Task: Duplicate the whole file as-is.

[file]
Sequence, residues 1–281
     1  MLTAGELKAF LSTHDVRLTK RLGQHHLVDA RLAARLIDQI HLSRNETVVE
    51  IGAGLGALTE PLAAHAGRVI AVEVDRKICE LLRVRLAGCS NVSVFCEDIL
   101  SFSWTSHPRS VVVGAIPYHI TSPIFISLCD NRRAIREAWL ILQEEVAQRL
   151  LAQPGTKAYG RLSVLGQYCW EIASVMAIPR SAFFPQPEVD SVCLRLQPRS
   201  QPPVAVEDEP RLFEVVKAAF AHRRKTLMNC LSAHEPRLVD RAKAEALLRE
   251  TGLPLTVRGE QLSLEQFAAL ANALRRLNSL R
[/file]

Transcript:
Sequence, residues 1–281
     1  MLTAGELKAF LSTHDVRLTK RLGQHHLVDA RLAARLIDQI HLSRNETVVE
    51  IGAGLGALTE PLAAHAGRVI AVEVDRKICE LLRVRLAGCS NVSVFCEDIL
   101  SFSWTSHPRS VVVGAIPYHI TSPIFISLCD NRRAIREAWL ILQEEVAQRL
   151  LAQPGTKAYG RLSVLGQYCW EIASVMAIPR SAFFPQPEVD SVCLRLQPRS
   201  QPPVAVEDEP RLFEVVKAAF AHRRKTLMNC LSAHEPRLVD RAKAEALLRE
   251  TGLPLTVRGE QLSLEQFAAL ANALRRLNSL R